Areas of Responsibility
You ever see the old 1970’s television show called the Brady Bunch? You know the episode where Peter is banging a hammer on his bedpost just to irritate his brother? Yeah that one. Did I just show you my age? Dang. Anyhow, bros Bobby and Peter Brady divide their room in two by placing a strip of white tape through the center of it. What’s an old 1970’s family show have to do with area of responsibility? A lot. What can we learn from it?
In the episode the brothers divide the room in two and are supposed to maintain their own zones of the room. But they fail to do this because they are too busy meddling in the other person’s area. If they stuck to the original roles set out for them neither brother would have an issue at all; they get to maintain control by dominating their own area; if they work together they can have their own area, and some of their brother’s too, by observing it.
How do we apply this old t.v. show to being tactically proficient? Read below.
The act of clearing a room is to enter the room while scanning the danger areas until that room is safe enough to be occupied and controlled. The goal of the individual(s) is to dominate the area, and control it by having proper interlocking fields of fire.
The important part of that act when clearing the room is to use Areas of Responsibility (AOR). Areas of Responsibility means each individual has the ability to act independently within a room (area) and make decisions without authorization from any one else.
The individual(s) divide the room into sections. Assigning a section of the room to each individual allows the room to be cleared more quickly. If two individuals enter a room and they are both looking in the same direction, who then is looking at the unviewed section? No one is.
Having an area of responsibility means each individual doesn’t take on more responsibility than he needs to. He only handles his area and they work together. Each person should maintain interlocking fields of fire with the other individuals. We will cover fields of fire in another article.
Two individuals entering a room will have only have 50% percent of a room between them to clear. If a room allows four individuals to enter it, then they only have 25% of the room to clear from the original 100%. Sharing the workload among the number of individuals entering the room helps maintain 360 degrees security if they work together.
When using the doorway as a point of entry the individuals must determine if the door swings in or out. Visible hinges typically mean the door will swing out. Hinges that are not visible typically mean the door will swing in or away from the “operator”.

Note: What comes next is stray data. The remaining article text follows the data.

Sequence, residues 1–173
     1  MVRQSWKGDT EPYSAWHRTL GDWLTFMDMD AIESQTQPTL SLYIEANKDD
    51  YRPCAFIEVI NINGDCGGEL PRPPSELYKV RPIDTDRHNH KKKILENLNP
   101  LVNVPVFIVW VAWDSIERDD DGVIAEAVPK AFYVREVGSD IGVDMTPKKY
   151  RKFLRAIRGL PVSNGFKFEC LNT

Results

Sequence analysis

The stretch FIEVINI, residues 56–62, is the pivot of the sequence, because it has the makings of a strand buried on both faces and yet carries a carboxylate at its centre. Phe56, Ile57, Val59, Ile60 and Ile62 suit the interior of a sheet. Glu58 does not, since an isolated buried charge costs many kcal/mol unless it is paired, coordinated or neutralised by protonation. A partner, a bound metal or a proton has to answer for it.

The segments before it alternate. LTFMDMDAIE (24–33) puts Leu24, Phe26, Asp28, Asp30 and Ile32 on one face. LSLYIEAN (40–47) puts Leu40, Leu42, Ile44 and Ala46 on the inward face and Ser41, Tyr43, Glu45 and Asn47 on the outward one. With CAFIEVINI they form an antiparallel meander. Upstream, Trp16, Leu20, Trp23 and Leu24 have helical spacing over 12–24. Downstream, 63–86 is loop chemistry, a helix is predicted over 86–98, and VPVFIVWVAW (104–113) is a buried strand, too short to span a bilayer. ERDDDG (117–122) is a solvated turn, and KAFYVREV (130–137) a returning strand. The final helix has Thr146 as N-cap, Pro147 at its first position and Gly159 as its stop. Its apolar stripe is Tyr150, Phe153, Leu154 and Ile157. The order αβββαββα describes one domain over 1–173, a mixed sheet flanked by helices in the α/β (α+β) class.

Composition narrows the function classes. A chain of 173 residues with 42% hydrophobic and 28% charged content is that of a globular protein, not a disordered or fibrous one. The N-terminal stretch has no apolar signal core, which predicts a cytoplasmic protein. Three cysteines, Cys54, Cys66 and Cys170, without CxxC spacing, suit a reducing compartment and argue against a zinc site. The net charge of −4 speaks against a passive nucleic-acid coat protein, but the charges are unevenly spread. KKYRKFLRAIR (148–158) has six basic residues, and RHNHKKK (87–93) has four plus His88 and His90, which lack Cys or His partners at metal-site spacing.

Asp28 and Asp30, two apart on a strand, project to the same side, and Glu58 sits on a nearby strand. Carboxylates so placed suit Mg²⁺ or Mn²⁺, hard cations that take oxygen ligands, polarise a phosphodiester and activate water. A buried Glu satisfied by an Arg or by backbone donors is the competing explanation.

An advantage to opening the door from the hinge side means one of the individuals can visually scan partly inside the room before crossing the threshold and before the door is fully opened. Individuals should train to recognize the characteristics of entry points to allow maximum security. Along with good security, individuals need to have quick and smooth entry.
Based on certain characteristics of an entry point the individual will select their positions. The first individual entering the room should position on the side that provides the least path of resistance.
Some teams determine beforehand which direction each man will move after entering the room. If the first man moves left, the second man moves right or vice-versa. Once the door is opened the point is to get the first individual into the room quickly so the other individual(s) can follow on his heels. There shouldn’t be a gap between them.
Upon entering the room the individuals will gain a better understanding of the size of the room, however the obstacles such as furniture and the enemy position, determines the directions as to where the individuals might move. These factors will help the first individual determine the next course of action. As much information about a room should be ascertained before entry. Entry generally is a last resort; more info to follow regarding this concept.
Down below we show you a cartoon illustrating how an entry might take place. We will briefly explain an entry but will be sure to touch upon Room Entries in another Basic Tactics article.
Spotter Up will assume “no” responsibility for any use or misuse of information from this article. This article alone will not make the reader an expert in tactics or in firearms nor can it be used as a substitute for PROFESSIONAL TACTICAL TRAINING or WEAPONS TRAINING. Spotter Up advises you to visit our site for training courses with a certified instructor On ALL weapon platforms.
*Operator: Troop member/Officer
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